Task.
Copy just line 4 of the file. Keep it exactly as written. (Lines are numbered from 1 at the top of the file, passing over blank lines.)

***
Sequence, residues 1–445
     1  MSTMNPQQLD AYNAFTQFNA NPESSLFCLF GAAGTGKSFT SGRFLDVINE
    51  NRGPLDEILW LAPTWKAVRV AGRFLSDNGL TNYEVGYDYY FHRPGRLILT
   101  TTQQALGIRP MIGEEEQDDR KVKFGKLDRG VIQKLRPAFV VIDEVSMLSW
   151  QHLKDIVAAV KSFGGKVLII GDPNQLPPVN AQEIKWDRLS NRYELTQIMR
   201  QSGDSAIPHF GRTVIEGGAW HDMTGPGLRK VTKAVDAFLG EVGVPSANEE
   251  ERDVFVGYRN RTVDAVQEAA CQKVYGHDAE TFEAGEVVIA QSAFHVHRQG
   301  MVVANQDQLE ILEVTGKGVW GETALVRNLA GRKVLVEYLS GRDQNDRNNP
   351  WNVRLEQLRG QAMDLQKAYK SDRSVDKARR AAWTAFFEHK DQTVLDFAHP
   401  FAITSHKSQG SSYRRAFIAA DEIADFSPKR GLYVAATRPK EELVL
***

   101  TTQQALGIRP MIGEEEQDDR KVKFGKLDRG VIQKLRPAFV VIDEVSMLSW